Skip to comments.Food fight: Cheese bacteria fight off viral attacks
Posted on 03/22/2007 12:54:42 PM PDT by bd476
Food fight: Cheese bacteria fight off viral attacks
By Julie Steenhuysen
CHICAGO Mar 22, 2007 - Scientists have found a way to ensure starter cultures used to make cheese can ward off attacks from bacteria-eating viruses -- a finding that could mean the difference between a great Gouda and wasted milk.
Attacks by viruses known as phages pose a particular problem for companies like Danish food ingredient maker Danisco, whose starter cultures are used in about half of all the ice cream and cheese produced in the world.
"Phages are one of the major causes of product failure for the food industry, especially in the dairy industry," said Philippe Horvath, a scientist at Danisco's laboratory in Dange-Saint-Romain, France.
The tiny viruses that infect bacteria enter the cell and rapidly replicate until the cell ruptures, spreading the virus in a series of repeating cycles.
"It's an explosive propagation," he said in a telephone interview.
Horvath and colleagues at Danisco have discovered how to harness bacteria's own natural defense mechanisms to produce phage-resistant bacteria. They reported their results in Friday's issue of the journal Science.
The study helps explain the role of a new family of repetitive sequences in the genome of bacteria called CRISPR sequences. They resemble some of the DNA sequences in the phages.
"LET NATURE DO THE WORK"
In computer models, scientists proposed that the CRISPR sequences allow bacteria to hijack a bit of the virus' genetic code, helping it to fight off attacks.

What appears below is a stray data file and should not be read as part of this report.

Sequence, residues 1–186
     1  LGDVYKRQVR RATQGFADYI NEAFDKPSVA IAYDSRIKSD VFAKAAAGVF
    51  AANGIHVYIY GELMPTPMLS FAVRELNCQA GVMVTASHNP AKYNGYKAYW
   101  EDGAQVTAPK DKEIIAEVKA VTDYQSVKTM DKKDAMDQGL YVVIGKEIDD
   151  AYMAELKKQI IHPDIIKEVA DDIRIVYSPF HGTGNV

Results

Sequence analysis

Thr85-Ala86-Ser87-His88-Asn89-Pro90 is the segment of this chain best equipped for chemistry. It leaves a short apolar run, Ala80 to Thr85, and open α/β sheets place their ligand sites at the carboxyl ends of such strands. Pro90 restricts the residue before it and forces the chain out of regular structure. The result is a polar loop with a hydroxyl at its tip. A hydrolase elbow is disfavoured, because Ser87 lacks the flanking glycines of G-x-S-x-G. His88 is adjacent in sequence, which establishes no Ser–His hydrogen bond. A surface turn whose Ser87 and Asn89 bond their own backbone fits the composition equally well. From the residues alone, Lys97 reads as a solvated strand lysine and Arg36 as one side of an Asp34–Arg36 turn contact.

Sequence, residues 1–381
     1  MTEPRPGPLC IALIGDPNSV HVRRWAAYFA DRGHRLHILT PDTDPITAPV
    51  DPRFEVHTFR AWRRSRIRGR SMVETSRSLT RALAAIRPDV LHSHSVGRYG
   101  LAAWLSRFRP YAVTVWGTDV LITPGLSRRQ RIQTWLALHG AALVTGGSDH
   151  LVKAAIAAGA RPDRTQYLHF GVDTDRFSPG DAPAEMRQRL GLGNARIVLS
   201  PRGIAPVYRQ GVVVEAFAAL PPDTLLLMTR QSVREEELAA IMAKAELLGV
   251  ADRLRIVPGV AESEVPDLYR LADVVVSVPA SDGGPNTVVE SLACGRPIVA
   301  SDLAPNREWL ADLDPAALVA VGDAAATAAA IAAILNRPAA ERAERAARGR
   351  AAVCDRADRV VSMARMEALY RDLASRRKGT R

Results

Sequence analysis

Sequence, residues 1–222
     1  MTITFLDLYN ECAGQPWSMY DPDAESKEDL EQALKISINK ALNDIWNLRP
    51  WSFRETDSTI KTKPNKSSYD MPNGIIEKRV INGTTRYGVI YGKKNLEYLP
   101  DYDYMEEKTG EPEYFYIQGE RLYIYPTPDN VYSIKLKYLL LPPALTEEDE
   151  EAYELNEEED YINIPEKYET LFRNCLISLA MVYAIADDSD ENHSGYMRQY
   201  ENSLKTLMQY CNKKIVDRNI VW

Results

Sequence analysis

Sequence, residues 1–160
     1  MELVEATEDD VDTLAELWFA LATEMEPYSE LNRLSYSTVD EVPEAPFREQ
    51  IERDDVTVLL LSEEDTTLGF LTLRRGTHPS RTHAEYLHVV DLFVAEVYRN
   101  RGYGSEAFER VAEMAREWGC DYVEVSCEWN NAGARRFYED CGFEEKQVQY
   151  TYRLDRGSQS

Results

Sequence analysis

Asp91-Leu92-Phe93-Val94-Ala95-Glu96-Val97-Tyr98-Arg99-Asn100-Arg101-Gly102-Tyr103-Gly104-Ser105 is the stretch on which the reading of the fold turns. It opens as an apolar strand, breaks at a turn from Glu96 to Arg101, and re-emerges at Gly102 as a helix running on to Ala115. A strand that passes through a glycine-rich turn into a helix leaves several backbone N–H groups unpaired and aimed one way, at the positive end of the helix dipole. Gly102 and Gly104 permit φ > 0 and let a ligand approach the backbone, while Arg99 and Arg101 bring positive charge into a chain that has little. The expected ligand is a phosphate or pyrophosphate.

"Our results are the first biological demonstration that CRISPR provides a resistance against phages," Horvath said.
The researchers tested their theory on Streptococcus thermophilus, a bacteria used in making cheese and yogurt.
They were able to manipulate the DNA within the bacteria, adding a new spacer that gave it immunity against the attacking virus.
"We replicated what happens naturally in the lab using molecular biology tools. We've also shown that when we artificially take them out, the bacteria loses resistance," Horvath said.
Although the Danisco researchers could use the finding to produce genetically modified starter cultures for cheese and yogurt, they will not, out of respect for concerns over genetically modified organisms or GMOs in foods.
"We'll let nature do the work for us by simply challenging the bacterium with the phage," he said.
Then, they will simply choose the resistant bacteria for their cell cultures, he said.
This is good news for yogurt and cheese manufacturers. It will probably also benefit the dairy industry as well.
Eat more green cheese!
......Eat more green cheese!....
How about blue cheese!!
I partake precisely because of the bugs that make it blue.
Thanks I'll stick with Swiss or Cheddar.
Yum! I love bleu cheese! Makes wonderful dressing for salad, too...yum-o!